by L. Frank Baum

While you may be familiar with the land of Oz, this book — published in 1900 — promises to whisk you and your child off on a wholly magical adventure with every bedtime read. With a slew of scenes that never made it into the movie and many details Hollywood changed (side note: Dorothy wears silver shoes in the books!), diving into this tome promises a world of exciting surprises. Bonus? There are 14 Oz books written by Baum, so you and your child can keep the adventures coming. 


Junie B. Jones

by Barbara Park, illustrated by Denise Brunkus

Timmons recommends the Junie B. Jones series based on the title character’s super expressive personality. “She’s so fun to read out loud,” gushes Timmons. “You’ll see her talking in all caps frequently with so much excitement in her voice. She’s very silly and sassy, and if you can embrace that while you read aloud, kids will really love it! It’s an excellent book for modeling reading skills.” 


Sofia Martinez: My Family Adventure

By Jacqueline Jules, illustrated by Kim Smith

Creative, quirky, and instantly loveable, Sofia Martinez takes young readers along on her everyday adventures as she navigates life alongside family and friends. This is an early chapter book, with sweet illustrations and simple phrasing to keep little listeners engaged. Bonus points for the book’s bilingual narrator, who introduces simple Spanish words throughout the text.


Magic Tree House

by Mary Pope Osborne, illustrated by Salvatore Murdocca

Set in a small Pennsylvanian town, this series follows the time-traveling adventures of ordinary siblings Jack and Annie Smith. When this duo stumbles upon a treehouse filled with enchanted books, they are transported through time to solve mysteries, complete missions, and otherwise save the day. There are more than 30 titles in this series, all beckoning your kid to settle in and listen.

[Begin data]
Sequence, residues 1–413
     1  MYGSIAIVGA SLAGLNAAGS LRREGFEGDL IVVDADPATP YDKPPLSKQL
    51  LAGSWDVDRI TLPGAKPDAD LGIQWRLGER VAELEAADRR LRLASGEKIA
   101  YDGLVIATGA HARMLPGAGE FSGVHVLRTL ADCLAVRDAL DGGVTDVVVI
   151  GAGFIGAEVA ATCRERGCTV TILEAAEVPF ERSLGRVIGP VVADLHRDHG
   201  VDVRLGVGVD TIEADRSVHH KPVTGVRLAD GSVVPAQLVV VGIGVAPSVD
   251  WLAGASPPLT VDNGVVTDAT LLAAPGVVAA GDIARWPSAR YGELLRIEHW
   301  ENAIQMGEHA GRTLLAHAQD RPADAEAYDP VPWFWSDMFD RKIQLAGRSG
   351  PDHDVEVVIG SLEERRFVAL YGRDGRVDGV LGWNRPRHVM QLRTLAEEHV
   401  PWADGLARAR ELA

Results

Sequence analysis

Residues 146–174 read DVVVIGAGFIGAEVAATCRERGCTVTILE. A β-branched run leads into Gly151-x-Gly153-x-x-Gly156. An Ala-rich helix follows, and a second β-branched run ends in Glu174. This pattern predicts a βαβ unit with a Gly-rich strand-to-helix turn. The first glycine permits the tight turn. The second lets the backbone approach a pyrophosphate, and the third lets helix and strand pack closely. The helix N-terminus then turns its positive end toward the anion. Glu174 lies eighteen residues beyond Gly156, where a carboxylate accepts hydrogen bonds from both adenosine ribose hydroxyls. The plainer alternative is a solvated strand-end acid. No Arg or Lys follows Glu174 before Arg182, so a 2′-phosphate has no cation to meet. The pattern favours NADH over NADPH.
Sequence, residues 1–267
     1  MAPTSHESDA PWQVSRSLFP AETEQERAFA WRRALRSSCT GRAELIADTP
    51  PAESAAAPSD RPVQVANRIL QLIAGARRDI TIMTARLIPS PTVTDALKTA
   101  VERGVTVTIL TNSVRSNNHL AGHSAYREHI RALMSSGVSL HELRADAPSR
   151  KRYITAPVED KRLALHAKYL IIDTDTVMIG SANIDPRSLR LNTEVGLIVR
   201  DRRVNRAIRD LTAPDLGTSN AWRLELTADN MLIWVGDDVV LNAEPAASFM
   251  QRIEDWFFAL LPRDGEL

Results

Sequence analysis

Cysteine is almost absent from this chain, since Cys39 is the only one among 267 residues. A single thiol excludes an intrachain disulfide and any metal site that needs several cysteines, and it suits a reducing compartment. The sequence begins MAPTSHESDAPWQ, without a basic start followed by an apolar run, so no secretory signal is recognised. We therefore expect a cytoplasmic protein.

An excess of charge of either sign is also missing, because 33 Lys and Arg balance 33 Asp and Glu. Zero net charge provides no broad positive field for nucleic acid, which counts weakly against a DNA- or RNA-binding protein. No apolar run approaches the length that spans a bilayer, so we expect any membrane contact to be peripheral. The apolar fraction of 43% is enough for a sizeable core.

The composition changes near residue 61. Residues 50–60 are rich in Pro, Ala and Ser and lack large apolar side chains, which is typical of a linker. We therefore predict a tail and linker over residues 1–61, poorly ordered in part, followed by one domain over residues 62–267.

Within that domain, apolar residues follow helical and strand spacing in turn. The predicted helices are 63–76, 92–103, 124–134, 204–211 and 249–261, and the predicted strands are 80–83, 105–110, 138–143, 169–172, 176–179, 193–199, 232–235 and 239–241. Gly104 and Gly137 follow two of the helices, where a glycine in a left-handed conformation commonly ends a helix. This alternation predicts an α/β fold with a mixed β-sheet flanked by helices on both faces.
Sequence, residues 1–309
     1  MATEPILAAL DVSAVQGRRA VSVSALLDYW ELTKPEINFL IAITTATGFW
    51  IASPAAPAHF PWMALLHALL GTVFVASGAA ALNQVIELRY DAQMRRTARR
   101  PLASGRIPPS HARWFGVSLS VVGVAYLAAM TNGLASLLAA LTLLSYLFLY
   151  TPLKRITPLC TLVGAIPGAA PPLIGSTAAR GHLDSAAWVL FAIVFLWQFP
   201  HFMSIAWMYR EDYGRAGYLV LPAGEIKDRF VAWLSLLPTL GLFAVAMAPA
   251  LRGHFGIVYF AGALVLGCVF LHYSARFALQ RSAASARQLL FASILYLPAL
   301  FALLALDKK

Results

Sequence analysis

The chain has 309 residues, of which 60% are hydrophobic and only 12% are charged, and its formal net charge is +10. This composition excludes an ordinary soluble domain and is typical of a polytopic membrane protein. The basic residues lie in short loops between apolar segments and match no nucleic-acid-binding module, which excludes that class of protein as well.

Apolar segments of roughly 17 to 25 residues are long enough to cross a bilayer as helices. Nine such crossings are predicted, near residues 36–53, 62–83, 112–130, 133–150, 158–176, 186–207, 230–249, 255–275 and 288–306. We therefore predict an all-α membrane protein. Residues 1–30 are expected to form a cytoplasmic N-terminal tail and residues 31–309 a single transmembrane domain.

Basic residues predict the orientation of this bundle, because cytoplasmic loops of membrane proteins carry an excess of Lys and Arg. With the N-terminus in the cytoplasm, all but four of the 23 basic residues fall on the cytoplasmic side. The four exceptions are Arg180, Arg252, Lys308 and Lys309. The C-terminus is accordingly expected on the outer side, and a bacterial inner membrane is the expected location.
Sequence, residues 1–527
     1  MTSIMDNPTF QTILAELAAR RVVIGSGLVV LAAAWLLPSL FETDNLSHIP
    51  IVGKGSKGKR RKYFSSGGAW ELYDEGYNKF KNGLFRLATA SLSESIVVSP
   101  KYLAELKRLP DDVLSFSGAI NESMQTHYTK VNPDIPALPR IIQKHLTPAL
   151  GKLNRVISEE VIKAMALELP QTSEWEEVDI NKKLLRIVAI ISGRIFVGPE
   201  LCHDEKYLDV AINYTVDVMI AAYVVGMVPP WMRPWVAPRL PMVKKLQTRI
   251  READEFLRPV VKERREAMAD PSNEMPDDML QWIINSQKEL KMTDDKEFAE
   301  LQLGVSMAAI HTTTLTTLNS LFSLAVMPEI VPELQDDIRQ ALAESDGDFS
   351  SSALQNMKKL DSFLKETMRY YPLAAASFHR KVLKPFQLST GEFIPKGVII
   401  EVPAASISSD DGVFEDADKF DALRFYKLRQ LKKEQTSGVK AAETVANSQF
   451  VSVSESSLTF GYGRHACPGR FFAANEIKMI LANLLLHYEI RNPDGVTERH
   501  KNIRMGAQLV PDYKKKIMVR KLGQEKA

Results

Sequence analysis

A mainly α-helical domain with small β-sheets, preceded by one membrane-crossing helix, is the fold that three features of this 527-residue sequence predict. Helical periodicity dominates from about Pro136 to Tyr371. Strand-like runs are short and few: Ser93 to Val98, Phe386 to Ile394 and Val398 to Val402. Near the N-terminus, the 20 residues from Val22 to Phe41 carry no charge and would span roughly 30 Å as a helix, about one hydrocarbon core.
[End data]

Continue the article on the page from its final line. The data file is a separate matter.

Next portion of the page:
The Conch Bearer

by Chitra Banerjee Divakaruni

For fans of Harry Potter, Divakaruni’s 12-year-old hero Anand will be instantly endearing. In this wildly exciting fantasy novel, the first in a three-part series, readers journey alongside a young boy as he travels through India to return a magical shell to safe-keeping hundreds of miles from home. Beautifully written for both the young and old, this award-winning novel promises adventure, magic, and insight into the human experience — all perfectly packaged as a wholly engaging bedtime read. 

Chitra Banerjee Divakaruni

The Conch Bearer


My Father’s Dragon

by Ruth Stiles Gannett, illustrated by Ruth Chrisman Gannett

A longstanding favorite, My Father’s Dragon follows the daring exploits of a young boy, Elmer Elevator, as he makes his way to Wild Island in pursuit of a baby dragon. Nominated for the Newbery Medal in 1949, this book is the first in a classic trilogy dedicated to Elmer and his adventures. 

Ruth Stiles Gannett

My Father's Dragon


Haroun and the Sea of Stories

by Salman Rushdie

Charming, enchanting, and forever memorable, Haroun and the Sea of Stories whisks readers away on a strange adventure. When Haroun’s dad, the legendary storyteller Rashid Khalifa, finds his well of words has run dry, the young boy vows to come to his rescue. He hops aboard a magical bird in search of the Sea of Stories, meeting creatures who are at times silly, wise, and altogether odd. This fantasy novel is a fun and adventurous read that underscores the importance of storytelling in our lives.